I forget people can see me rolling my eyes. To be honest, I forget people can see.
When you have never seen a face clearly before as everyone is just a blur, you kind of forget that the sighted world sees everything. They especially see the things that you really don’t want them to see, such as eye rolling that I am rather partial too. Ooooops.
With a face that just cannot lie, I let my eyes roll upwards and to the side to try and search for a polite answer to the snappy sounding store assistant that stood before me. I am usually far more patient, but I had just experienced this London Bus Syndrome senario where for the third time in less than twenty minutes those dreaded four words were directed at me. To others, the words “you don’t look blind” may seem like a compliment and it is in a way but when it is said in an accusing tone, it really isn’t a compliment. It was this third London Bus that day that had come along after a drought of these well-meaning buses that had triggered the lively eyes rolling in my head.
Maybe my reaction was slightly more emphasised after she had said that she had “seen a lot of blind people in this shop and you don’t look like them”. A spluttered giggle remained inside of me. A colourful phrase stayed inside my head and did not escape my lips. What was more surprising was, I even managed to not bite back to her curt accusing tone with a crocodile snap of my own. The other two previous people who had stopped to cheery chat and said I didn’t look blind meant it in a positive light but this lady was different. She was like many we had come across in the past, which were the worst kind. The Sceptic.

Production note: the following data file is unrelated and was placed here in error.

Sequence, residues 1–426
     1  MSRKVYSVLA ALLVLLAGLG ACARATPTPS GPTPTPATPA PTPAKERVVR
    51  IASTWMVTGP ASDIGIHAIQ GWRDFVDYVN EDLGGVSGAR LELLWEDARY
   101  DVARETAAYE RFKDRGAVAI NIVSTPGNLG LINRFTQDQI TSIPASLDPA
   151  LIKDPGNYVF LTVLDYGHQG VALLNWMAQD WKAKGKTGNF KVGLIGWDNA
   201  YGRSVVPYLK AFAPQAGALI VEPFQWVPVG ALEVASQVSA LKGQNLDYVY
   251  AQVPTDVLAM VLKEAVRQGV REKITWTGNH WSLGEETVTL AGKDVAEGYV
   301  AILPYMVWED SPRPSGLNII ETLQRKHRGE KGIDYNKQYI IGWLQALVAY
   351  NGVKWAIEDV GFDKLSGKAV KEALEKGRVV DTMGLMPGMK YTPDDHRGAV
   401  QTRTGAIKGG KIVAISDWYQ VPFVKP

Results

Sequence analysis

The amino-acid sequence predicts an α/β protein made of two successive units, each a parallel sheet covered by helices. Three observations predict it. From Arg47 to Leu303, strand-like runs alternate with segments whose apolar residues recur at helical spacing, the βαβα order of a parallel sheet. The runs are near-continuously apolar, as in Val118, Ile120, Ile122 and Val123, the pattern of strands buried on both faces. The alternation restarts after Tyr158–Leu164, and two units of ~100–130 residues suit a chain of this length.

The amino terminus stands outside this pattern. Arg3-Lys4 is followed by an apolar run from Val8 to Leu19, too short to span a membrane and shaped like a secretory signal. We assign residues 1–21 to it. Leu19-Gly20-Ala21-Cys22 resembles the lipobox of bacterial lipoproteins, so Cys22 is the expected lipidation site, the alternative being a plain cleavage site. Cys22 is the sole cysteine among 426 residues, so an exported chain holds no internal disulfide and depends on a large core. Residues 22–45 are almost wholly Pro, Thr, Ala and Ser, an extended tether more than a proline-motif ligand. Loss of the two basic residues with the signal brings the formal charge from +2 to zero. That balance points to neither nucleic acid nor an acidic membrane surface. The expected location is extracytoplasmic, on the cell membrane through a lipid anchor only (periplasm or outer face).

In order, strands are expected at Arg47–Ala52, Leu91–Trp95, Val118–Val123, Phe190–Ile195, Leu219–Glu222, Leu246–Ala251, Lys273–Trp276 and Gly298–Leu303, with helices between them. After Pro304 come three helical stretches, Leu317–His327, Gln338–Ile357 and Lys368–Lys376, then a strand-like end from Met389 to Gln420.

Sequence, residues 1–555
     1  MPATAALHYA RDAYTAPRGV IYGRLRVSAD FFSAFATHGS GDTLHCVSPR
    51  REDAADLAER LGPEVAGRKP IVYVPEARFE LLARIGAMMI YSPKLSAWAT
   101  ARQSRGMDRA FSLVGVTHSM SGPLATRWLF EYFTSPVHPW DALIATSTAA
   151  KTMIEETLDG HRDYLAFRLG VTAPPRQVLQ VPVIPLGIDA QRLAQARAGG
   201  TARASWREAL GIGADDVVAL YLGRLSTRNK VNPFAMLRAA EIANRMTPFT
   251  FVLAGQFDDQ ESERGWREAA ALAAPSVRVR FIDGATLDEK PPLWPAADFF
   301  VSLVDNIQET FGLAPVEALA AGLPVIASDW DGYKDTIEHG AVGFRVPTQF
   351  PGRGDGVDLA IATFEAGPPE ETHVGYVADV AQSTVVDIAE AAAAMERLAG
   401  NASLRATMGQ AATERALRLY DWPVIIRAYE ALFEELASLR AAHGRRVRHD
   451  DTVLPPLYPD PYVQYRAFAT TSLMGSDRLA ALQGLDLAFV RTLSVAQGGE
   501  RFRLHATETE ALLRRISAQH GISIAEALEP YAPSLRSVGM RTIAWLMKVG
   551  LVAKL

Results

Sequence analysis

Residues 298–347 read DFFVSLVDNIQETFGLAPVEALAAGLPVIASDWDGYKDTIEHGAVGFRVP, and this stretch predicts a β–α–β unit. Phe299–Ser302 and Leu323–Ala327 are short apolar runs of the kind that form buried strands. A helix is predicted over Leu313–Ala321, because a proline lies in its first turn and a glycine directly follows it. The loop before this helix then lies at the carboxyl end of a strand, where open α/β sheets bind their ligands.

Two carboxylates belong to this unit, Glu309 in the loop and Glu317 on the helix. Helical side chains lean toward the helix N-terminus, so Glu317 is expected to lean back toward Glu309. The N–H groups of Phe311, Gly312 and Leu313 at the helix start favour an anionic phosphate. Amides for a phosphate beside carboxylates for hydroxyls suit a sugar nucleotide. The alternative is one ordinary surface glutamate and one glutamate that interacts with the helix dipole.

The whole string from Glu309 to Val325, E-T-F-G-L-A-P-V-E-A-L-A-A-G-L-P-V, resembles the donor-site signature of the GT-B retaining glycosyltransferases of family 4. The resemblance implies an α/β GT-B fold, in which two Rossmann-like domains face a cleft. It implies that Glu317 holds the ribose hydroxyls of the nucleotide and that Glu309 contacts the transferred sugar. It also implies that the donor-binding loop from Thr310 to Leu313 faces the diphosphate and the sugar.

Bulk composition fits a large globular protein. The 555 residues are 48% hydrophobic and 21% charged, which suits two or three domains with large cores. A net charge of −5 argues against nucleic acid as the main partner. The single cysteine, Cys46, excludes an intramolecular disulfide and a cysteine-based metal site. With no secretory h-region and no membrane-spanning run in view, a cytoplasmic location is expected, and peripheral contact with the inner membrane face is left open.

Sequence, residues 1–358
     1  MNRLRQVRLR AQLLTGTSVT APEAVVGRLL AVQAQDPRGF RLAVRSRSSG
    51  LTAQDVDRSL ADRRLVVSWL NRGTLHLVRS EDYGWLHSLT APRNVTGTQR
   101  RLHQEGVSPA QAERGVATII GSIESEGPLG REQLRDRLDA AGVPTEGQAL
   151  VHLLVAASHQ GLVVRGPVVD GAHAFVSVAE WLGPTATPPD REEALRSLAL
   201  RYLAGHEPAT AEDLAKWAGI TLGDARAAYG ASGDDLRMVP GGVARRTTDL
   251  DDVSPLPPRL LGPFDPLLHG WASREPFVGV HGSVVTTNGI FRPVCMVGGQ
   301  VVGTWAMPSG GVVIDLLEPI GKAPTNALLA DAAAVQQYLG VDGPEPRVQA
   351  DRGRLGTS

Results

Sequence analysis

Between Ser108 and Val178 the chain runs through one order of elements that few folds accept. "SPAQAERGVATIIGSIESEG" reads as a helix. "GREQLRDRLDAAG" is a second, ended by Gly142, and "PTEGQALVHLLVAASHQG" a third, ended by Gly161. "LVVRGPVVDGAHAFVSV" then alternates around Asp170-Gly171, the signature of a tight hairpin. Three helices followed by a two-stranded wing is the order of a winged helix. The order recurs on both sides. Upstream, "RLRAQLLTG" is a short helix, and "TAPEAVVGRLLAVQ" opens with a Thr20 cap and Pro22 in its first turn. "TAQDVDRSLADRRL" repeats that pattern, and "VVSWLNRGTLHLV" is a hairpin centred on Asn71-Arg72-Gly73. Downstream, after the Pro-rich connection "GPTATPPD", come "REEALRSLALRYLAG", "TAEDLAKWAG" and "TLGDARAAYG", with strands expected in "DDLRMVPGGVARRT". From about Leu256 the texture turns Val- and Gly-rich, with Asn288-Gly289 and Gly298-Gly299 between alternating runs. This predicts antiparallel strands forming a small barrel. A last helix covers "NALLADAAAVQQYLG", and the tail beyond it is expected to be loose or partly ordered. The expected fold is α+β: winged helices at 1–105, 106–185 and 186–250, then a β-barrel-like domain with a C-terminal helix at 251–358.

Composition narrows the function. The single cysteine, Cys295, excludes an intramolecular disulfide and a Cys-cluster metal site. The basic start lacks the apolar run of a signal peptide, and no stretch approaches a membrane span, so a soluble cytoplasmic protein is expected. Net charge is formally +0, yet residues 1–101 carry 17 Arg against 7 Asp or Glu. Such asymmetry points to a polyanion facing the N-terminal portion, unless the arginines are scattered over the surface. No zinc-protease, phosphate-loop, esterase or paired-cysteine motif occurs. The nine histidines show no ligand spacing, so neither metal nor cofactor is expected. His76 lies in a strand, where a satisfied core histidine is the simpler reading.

Walking around with a physical disability feels like you sometimes need to carry medical evidence around with you to thrust in somebody’s face to validate yourself and prove their ignorance wrong. I understand that the primary source of information that many in the sighted world use to make decisions is their vision, but I sometimes wish it wasn’t as looks can be so deceiving. Having a unusual looking striking guide dog does not help with the stereotyping of what a blind person or a guide dog should look like either which she also picked up on. This apparent expert on not only what “blind people look like” but also an expert in the field of guide dogs as her next door neighbours aunt had one, thought that a Labradoodle like Munch was not a guide dog. The ignorance of others can really make your mind boggle. It does make me thankful that I do not use my eyes alone to make judgements on people that I know nothing about. Now that would be living with true blindness.
I really hope that my parting words to her would help her to broaden her narrow outlook on life, but I somehow doubt it. Cheerily uttering the words “we don’t all look the same” filled the silence between us with no reply from her as we bid her goodbye. Whether or not this planted seed will grow a more open way for her to see the world or not, I feel like I did my bit. I am still working on my poker face whilst persuading my overtly rolling eyes to calm down whilst in such situations, so maybe I will get there someday. Until then I will continue to clench my teeth and smile sweetly in my non blind looking way.
Judging will always say more about the person judging than the one being judged.